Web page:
Totally obsessed with this track right now. It’s just fun and groovy and *just* a little punk. Great Friday afternoon work song.

"Black Sap Scriptures" by Plague Vendor

romkids:

Liz Butler Draws The ROM: Multi-Tasking Waterfowl!

Hi ROMKids!

This week I was back to the Gallery of Birds to look at waterfowl: a common eider, a common merganser, and a greater white-fronted goose. These birds are extra awesome because they can navigate on land, in water, and in the air!

Like most sea birds, common eiders take advantage of their amphibious abilities by nesting on land and eating food from the water. Eiders particularly like to eat shellfish and crustaceans, and they have a pretty unique way of doing so; eiders dive all the way to the sea floor to find their favourite foods.

Common mergansers also dive for their food, but have much more active prey to pursue. Mergansers use their keen eyes to find fish and other small animals and invertebrates, and then chase their prey through the water. Once they catch their prey, a serrated beak edge helps the merganser to keep a grip on slippery food items.

The greater white-fronted goose takes a different approach to eating than the eider or the merganser. These geese use a feeding technique known as dabbling. Dabbling birds feed at the surface of the water, tipping their heads under the water while their legs and tails stay above the surface. It might be silly looking, but it’s a good way to forage for plants in shallow water! Greater white-fronted geese also eat foods on land, including seeds and grasses.

What species of waterfowl can you see in your own city or town? How are their behaviours similar or different to those of the common eider, common merganser, or greater white-fronted goose? Make some notes on your discoveries, or even some sketches!

More info:

  • Liz Butler is an artist and teacher who loves natural history and museums. She loves drawing, painting, and making crafts of all kinds. She is happiest when she can find ways to combine art projects with science content.
  • Liz’s WebsiteLiz Butler Draws
  • Liz’s BlogSaw Whet Studio
  • More guest posts from Liz HERE!
  • Do you like to sketch? Love museums? Are you a full time student in Canada? The ROM is yours to explore, FREE, every Tuesday! MORE!

Guest Post By Liz Butler. Last Updated: July 21st, 2014.

(via scientificillustration)

maegandawn:

delightfullyvague:

season 1 scully(source)

This is perfect.

Oh god, nothing will ever be better than this. 

(via blinddog)

zoologicalpt:

Still a work in progress. This needs some changes on certain species and adding new ones. However we wanted to share it here.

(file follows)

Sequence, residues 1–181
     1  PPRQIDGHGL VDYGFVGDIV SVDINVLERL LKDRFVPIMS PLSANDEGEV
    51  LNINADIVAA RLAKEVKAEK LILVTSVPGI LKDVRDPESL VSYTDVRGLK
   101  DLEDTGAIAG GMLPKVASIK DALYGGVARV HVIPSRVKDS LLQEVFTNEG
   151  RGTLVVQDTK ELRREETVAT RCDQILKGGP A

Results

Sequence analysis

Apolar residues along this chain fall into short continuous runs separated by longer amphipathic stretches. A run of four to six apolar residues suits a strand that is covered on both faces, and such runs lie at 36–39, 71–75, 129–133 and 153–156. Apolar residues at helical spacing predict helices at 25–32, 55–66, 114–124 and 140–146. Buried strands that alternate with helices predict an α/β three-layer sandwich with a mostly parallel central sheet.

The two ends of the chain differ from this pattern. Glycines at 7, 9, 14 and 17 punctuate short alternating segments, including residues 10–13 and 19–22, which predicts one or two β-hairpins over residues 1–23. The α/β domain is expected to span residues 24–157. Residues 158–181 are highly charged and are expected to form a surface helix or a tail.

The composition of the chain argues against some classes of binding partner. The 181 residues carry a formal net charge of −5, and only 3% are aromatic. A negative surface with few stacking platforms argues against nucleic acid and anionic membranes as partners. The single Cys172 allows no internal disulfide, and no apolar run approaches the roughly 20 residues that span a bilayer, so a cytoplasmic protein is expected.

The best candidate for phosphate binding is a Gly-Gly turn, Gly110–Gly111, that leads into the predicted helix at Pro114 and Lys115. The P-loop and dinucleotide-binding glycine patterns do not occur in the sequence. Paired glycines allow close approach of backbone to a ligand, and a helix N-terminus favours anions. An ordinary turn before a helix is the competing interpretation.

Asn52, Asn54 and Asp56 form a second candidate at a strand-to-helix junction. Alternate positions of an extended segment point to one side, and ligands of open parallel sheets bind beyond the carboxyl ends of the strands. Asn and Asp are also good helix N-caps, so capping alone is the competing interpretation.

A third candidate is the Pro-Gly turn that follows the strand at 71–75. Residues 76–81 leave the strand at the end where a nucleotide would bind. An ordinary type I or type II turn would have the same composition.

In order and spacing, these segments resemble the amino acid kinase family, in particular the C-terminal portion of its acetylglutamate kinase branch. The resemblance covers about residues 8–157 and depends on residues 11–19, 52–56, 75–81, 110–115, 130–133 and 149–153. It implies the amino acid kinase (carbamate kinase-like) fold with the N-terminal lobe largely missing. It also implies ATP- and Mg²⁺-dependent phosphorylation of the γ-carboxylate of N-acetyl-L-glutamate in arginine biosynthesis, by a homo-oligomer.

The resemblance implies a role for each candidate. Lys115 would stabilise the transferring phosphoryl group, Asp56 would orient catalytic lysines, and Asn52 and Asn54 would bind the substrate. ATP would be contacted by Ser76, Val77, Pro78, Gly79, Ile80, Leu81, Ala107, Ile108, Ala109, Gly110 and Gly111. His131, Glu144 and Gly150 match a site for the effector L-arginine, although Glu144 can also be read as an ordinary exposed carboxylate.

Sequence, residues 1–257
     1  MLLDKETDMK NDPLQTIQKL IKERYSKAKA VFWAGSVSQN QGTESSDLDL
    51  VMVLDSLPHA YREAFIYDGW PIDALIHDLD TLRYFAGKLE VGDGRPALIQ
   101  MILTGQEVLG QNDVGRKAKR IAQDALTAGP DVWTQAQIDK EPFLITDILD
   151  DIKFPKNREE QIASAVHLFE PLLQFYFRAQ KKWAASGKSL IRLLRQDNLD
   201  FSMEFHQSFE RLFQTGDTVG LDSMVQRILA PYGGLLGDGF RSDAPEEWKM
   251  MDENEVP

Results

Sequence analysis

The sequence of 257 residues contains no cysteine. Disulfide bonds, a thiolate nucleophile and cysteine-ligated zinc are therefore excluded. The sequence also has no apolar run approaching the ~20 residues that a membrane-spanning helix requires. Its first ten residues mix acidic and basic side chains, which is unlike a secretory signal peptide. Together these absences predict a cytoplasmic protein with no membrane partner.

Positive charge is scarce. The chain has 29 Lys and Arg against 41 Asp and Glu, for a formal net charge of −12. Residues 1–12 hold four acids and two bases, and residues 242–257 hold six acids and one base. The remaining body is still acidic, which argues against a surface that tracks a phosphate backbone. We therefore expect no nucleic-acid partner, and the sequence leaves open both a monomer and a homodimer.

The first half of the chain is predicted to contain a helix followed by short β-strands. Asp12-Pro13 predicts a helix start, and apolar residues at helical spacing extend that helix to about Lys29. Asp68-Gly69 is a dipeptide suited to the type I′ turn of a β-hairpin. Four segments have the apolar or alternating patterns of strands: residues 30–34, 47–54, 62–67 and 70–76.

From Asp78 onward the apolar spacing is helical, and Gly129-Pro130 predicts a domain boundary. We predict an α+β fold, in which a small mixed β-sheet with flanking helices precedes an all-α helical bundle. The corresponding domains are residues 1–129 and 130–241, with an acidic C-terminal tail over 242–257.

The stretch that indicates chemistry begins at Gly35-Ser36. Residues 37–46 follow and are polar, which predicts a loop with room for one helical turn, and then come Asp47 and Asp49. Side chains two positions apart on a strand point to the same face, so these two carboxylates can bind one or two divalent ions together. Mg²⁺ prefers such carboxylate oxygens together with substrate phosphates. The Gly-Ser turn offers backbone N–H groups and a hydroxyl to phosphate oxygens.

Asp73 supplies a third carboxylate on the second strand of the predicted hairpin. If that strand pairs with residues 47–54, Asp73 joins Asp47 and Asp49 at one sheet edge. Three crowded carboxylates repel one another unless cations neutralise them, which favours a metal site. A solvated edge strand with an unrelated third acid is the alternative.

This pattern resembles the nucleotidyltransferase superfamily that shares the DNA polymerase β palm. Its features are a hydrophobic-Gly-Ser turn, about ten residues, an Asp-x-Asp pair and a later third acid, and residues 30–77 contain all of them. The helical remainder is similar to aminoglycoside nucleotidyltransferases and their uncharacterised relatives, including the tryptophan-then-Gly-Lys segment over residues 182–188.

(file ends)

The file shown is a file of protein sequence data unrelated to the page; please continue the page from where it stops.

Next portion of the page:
A small guide of the Common Birds of Almeida. Enjoy

(via scientificillustration)

smithsonianlibraries:

Bats are pollinators too, you know. Pteropus samoensis or Samoan flying fox. illustration by Titian Peale, from John Cassin’s Mammalogy and Ornithology. Atlas (1858) 
From eol.org:

All flying foxes of the genus Pteropus play an important role as pollinators and seed dispersers. Brooke (2001) describes this well: “Particularly on small isolated islands with low biodiversity, flying foxes play an important role in maintaining forests by enabling seed and pollen dispersal. Loss of valuable flying fox populations may have a cascading effect on native forest ecosystems.” Without flying fox species such as P. samoensis the dominant trees of these native forests would have a hard time regenerating and the genetic flow between different populations of each individual tree species would be greatly reduced (Banack, 1998).

smithsonianlibraries:

Bats are pollinators too, you know. Pteropus samoensis or Samoan flying fox. illustration by Titian Peale, from John Cassin’s Mammalogy and Ornithology. Atlas (1858) 

From eol.org:

All flying foxes of the genus Pteropus play an important role as pollinators and seed dispersers. Brooke (2001) describes this well: “Particularly on small isolated islands with low biodiversity, flying foxes play an important role in maintaining forests by enabling seed and pollen dispersal. Loss of valuable flying fox populations may have a cascading effect on native forest ecosystems.” Without flying fox species such as P. samoensis the dominant trees of these native forests would have a hard time regenerating and the genetic flow between different populations of each individual tree species would be greatly reduced (Banack, 1998).

(via scientificillustration)

tysonelder:

Three idiots make a boat.

Love these idiots. Well..no offence to Brian, I barely know him but definitely the other two. 

And I guess I’ve heard enough “Brian eats crazy shit” stories to have some affection for the guy. 

I wasn’t into the whole album but this track is a beautiful stand-out of atmospheric sex. 

Bassnectar - Butterfly

One does wonder how many times Radiohead’s Talk Show Host has shown up on my Tumblr. In my top 5 favourite songs easy with a bullet (and a pack of sandwiches)

Simutanously the most and least personal thing I have on the web.

twitter.com/klancashire

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